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Inside Politics

Sharpton mulls staying or withdrawing

Civil rights activist says he'll decide before next Tuesday

The Rev. Al Sharpton says he is running for the nomination as well as to draw attention to unaddressed issues.
The Rev. Al Sharpton says he is running for the nomination as well as to draw attention to unaddressed issues.

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Democratic Presidential candidate Al Sharpton tells CNN's Larry King he's staying in the race for now because he has an agenda to fulfill (March 3)
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America Votes 2004
Al Sharpton
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Presidential primaries

NEW YORK (CNN) -- Civil rights activist the Rev. Al Sharpton said late Tuesday that he would decide in the next day or so, but certainly before next Tuesday, whether to remain in the presidential primary race.

As the 10-state Super Tuesday nominating contests drew to a close, Sharpton had no victories and trailed far behind in all the races, even in his home state of New York. (Full story)

Once all the results were in, he said, he would discuss with his staff whether he should continue in the race or withdraw.

"How we proceed from now, we will decide after all the votes come in here tonight," Sharpton said in response to questions posed on CNN's "Larry King Live." Sharpton was watching results from the Super Tuesday races at a restaurant in Harlem.

"We're not in this just for the nomination. We're in it to make sure that people who have been unheard are heard and issues that have been unaddressed are addressed," he said.

He congratulated Sen. John Kerry, who rolled across the Super Tuesday landscape.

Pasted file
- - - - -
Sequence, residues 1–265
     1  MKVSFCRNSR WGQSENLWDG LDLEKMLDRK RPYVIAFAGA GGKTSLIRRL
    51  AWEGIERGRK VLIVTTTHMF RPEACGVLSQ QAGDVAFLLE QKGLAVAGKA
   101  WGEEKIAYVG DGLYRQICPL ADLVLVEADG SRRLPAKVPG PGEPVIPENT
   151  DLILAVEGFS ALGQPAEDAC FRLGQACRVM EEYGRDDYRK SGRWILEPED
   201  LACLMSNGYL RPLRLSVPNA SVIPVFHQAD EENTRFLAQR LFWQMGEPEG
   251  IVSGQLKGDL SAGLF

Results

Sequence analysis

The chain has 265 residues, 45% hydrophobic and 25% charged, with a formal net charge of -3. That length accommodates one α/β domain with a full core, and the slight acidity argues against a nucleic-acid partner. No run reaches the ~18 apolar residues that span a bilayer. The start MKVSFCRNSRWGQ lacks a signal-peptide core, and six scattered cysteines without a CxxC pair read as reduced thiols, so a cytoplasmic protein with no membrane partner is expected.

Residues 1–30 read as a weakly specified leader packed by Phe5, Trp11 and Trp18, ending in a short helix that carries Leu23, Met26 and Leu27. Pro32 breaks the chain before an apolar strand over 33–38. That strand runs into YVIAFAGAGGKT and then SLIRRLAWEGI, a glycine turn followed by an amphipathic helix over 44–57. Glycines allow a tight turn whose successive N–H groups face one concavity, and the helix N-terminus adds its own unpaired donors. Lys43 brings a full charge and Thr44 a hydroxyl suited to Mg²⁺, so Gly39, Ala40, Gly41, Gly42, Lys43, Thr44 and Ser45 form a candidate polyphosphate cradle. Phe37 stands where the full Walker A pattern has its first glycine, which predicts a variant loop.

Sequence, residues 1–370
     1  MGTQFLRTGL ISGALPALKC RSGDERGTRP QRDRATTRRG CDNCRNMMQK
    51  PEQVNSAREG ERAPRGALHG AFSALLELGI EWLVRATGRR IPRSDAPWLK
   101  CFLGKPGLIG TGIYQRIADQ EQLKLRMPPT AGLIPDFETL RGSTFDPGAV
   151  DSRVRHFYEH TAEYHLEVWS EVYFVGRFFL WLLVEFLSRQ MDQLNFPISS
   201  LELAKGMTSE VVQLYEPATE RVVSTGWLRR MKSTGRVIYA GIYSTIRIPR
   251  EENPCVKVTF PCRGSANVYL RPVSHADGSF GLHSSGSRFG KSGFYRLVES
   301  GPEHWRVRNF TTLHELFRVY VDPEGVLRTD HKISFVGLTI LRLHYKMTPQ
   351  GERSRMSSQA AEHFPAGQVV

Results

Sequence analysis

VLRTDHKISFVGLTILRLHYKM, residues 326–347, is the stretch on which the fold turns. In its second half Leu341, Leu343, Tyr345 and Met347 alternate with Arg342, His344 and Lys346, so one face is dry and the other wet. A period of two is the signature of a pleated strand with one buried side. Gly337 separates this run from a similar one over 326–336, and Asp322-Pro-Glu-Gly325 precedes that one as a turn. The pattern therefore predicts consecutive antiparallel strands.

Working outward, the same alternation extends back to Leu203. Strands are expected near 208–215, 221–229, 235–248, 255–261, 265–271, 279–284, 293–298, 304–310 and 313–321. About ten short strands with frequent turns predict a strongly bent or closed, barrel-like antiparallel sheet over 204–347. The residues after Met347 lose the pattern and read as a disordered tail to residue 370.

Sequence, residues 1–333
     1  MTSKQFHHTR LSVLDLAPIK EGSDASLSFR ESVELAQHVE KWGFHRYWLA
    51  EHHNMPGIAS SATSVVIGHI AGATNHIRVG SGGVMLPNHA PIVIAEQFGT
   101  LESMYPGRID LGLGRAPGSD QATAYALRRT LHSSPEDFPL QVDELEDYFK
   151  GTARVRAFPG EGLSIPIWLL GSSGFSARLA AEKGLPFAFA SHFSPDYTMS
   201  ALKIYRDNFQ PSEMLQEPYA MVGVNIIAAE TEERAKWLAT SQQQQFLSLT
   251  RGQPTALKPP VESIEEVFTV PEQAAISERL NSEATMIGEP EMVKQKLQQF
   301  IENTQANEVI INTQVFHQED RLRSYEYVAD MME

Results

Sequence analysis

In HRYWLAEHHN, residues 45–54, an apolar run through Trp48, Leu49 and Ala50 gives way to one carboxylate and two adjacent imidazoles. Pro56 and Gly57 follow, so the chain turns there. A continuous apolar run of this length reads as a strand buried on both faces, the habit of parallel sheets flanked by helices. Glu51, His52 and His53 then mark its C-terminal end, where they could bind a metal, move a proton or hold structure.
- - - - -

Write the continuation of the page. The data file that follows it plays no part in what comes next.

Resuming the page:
Asked where he would be on the "enthusiasm meter" in backing Kerry, Sharpton said, "I'm at a ten-plus-ten. And if he's the nominee he would be the beneficiary of that. But that must come with principles and things we want added to the agenda.

"We want to see Bush defeated, but we also want to see our constituency dealt with, and how that will play out, we'll know in the next day or so."

Last year, Sharpton argued that Democrats and Republicans were becoming too similar on issues such as war, health care, business deregulation and taxes. He said his goal was to sound an alarm.

Born in 1954 in New York City, Sharpton rose from youth-preacher to political activist -- founding his signature organization, the National Action Network -- in 1991. NAN raises money for inner-city youths and fights drug abuse.

In his first political campaign, the 1992 U.S. Senate primary in New York, Sharpton came in third of four Democrats, trailing former Democratic vice presidential nominee Geraldine Ferraro.

Two years later, he challenged widely respected three-term incumbent Sen. Daniel Patrick Moynihan in the Democratic primary and lost. But he improved his tally, garnering 26 percent of the vote.

In 1997, Sharpton lost the New York City mayoral primary, but he did receive 32 percent of the vote, nearly forcing a runoff.

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